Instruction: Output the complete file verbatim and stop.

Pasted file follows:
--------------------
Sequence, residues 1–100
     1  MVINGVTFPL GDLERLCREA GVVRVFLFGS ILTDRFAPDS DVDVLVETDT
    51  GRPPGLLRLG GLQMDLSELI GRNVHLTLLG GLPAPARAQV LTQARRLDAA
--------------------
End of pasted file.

Sequence, residues 1–100
     1  MVINGVTFPL GDLERLCREA GVVRVFLFGS ILTDRFAPDS DVDVLVETDT
    51  GRPPGLLRLG GLQMDLSELI GRNVHLTLLG GLPAPARAQV LTQARRLDAA